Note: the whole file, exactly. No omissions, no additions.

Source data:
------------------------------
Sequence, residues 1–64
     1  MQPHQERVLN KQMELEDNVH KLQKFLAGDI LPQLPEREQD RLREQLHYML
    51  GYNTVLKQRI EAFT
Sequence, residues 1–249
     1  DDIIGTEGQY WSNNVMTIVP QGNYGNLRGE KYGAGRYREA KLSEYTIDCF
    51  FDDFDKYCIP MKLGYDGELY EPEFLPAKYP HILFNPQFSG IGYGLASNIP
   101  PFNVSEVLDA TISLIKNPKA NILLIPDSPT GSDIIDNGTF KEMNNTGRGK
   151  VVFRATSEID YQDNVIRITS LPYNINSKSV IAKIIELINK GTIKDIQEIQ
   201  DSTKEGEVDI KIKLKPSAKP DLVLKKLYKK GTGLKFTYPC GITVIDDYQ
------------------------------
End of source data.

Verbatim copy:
Sequence, residues 1–64
     1  MQPHQERVLN KQMELEDNVH KLQKFLAGDI LPQLPEREQD RLREQLHYML
    51  GYNTVLKQRI EAFT
Sequence, residues 1–249
     1  DDIIGTEGQY WSNNVMTIVP QGNYGNLRGE KYGAGRYREA KLSEYTIDCF
    51  FDDFDKYCIP MKLGYDGELY EPEFLPAKYP HILFNPQFSG IGYGLASNIP
   101  PFNVSEVLDA TISLIKNPKA NILLIPDSPT GSDIIDNGTF KEMNNTGRGK
   151  VVFRATSEID YQDNVIRITS LPYNINSKSV IAKIIELINK GTIKDIQEIQ
   201  DSTKEGEVDI KIKLKPSAKP DLVLKKLYKK GTGLKFTYPC GITVIDDYQ